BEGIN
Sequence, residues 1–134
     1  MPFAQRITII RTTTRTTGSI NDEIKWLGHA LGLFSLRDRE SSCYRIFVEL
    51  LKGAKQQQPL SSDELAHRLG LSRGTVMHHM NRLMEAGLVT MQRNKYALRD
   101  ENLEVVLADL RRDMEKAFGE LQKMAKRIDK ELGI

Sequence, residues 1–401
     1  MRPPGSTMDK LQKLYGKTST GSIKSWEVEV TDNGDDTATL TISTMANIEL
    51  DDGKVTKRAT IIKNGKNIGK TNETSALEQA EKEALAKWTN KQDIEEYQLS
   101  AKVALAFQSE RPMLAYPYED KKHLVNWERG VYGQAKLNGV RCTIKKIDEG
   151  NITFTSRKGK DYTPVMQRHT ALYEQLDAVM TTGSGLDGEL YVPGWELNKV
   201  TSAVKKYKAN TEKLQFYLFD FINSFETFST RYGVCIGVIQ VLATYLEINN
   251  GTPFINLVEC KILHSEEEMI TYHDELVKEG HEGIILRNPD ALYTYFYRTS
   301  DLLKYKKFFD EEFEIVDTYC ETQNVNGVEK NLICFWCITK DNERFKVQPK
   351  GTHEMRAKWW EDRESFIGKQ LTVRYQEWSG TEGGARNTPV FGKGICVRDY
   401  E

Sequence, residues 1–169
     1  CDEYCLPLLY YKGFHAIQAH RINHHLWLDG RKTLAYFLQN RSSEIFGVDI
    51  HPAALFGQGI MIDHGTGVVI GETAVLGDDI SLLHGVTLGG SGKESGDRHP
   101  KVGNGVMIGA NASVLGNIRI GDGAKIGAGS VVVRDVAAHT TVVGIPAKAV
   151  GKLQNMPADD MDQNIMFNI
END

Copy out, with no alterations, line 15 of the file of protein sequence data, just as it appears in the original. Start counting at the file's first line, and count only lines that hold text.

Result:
Sequence, residues 1–169